In the United States, it is estimated that the incidence ranges about 1.4 episodes per person



In general, it can be said that chronic diarrhea has the following mechanisms: osmotic, secretory, inflammatory, infectious diarrhea, bile acid and fat malabsorption, disturbance of anion/electrolytes active transport in enterocytes, abnormal bowel transit time, abnormal growth of intestinal bacteria and disturbed intestinal permeability.6,7,8 ETIOLOGY

Overall, most chronic diarrhea is caused by non-infectious disease; however, in developing countries, it is mostly due to infectious disease.1,4,5 A 5-year study at Cipto Mangunkusumo Hospital in Jakarta reported similar data that infectious causes were greater than non-infectious causes.8 As mentioned before, based on the physical appearance of stools, we can divide chronic diarrhea into three groups, which are: 1). Fatty stool (fatty diarrhea); 2). Blood stool (inflammatory diarrhea); 3). No blood and no fat stool (watery diarrhea).1,8 Watery diarrhea can also be categorized further into osmotic (water retention due to poor absorption of certain substances), and functional (due to hypermotility) types. The use of osmotic laxatives such as sorbitol may induce osmotic diarrhea. In fact, secretory diarrhea can be distinguished from osmotic and functional diarrhea by virtue of higher stool amount/volume (more than 1 liter per day), which continue after a period of fasting and usually occurs at night. Patients with functional diarrhea usually have

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Clinical approach and management of chronic diarrhea

lesser amount of stools (less than 350 ml per day) and no diarrhea at night.1 The following Table 1 summarizes differential diagnosis of chronic diarrhea. Colorectal Cancer as an Etiology

As shown on Table 1, malignancy such as colorectal cancer may contribute to manifestation of chronic diarrhea. A meticulous history taking which reveals family history and the presence of prominent weight loss would assure us to get further confirmation by performing a proper

abdominal examination and digital rectal examination. Further work-up of colonoscopy should be performed when there is any indication. Several studies of screening colonoscopy in asymptomatic patients have revealed the prevalence of adenoma colon ranges between 14.4% and 37.5% (7.9% with adenomas >10 mm). The prevalence is also influenced by age, male sex, and a history of family with colorectal cancer.10 By performing detailed measurements of history taking, physical examination, and laboratory work-up, early diagnosis of colorectal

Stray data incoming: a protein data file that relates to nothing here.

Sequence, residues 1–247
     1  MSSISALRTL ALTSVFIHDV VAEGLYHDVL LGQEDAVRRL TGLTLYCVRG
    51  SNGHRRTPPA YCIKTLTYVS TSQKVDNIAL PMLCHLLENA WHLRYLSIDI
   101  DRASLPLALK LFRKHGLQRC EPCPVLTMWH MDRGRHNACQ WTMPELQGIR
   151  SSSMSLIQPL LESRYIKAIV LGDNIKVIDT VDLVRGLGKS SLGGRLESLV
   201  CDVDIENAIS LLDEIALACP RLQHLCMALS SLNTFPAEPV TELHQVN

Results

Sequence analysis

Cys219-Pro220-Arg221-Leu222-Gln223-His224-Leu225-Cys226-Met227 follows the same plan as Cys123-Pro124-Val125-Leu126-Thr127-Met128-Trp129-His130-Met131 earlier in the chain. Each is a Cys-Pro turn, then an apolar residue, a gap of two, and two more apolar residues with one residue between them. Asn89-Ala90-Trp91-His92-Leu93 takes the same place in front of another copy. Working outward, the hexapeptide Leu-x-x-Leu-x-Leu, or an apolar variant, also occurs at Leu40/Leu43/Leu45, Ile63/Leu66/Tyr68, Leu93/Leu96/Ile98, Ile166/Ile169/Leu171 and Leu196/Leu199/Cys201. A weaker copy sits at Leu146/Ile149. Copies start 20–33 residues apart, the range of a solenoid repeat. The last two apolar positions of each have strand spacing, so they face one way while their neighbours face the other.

Table 1. Differential diagnosis of chronic diarrhea Watery

Fatty (bloating and steatorrhea in many, but not all cases)

Inflammatory or exudative (elevated white blood cell count, occult or frank blood or pus)

Secretory (often nocturnal; unrelated to food intake; fecal osmotic gap 105 bacteria per mL) Tropical sprue Whipole disease (Tropheryma whippelii infection)

Inflammatory bowel disease Crohn disease (ileal or early Crohn disease may be secretory) Diverticulitis Ulcerative colitis Ulcerative jejuncileitis Invasive infectious disease Clostridium difficile (Pseudomembranous) colitisantibiotic history Invasive bacterial infections (e.g., tuberculosis, yersiniosis) Invasive parasitic infections (e.g., Entamoeba)-travel history Ulcerating viral infections (e.g., cytomegalovirus, herpes simplex virus Neoplasia Colon carcinoma Lymphoma Villous adenocarcinoma Radiation colitis

Alcoholism Bacterial enterotoxins (e.g. cholera) Bile acid malabsorption Brainerd diarrhea (epidemic secretory diarrhea) Congenital syndromes Crohn disease (early ileocolitis) Endocrine disorders (e.g. hyperthyroidism [increases motility]) Medication Microscopic colitis (lymphocyte and collagenous subtypes) Microscopic colitis (lymphocyte and collagenous subtypes) Neruendocrine tumors (e.g. gastrinoma, vipoma, carcinoid tumors, mastocytosis) Nonosmotic laxatives (e.g. senna, docusate sodium [Colace]) Postsurgical (e.g., cholecystectomy, gastrectomy, vagotomy, intestinal resection) Vasculitis Osmotic (fecal osmotic gap >125 mOsm per kg*) Carbohydrate malabsorption syndromes (e.g., lactose, fructose) Celliac disease Osmotic laxatives and antacids (e.g., magnesium, phosphate, sulfate) Sugar alcohols (e.g., mannitol, sorbitol, xylitol)

Maldigestion (loss of digestive function) Hepatobilliary disorders Inadequate luminal bile acid Loss of regulated gastric emptying Pancreatic exocrine insufficiency

Functional (distinguished from secretory types by hypermotility, smaller volumes, and improvement at night and with fasting) Irritable bowel syndrome *Fecal osmotic gap (OG) = 290 – 2 × (Nastool + Kstool). It helps differentiate secretory from osmotic diarrhea. Normal value of fecal osmolality is 290 mOsm per kg (290 mmol per kg). Although measurement of fecal electrolytes is no longer routine, but knowing the fecal osmotic gap may confirm whether watery stools represent chronic osmotic diarrhea (OGfecal > 125 mOsm per kg) or chronic secretory diarrhea (OGfecal < 50 mOsm per kg).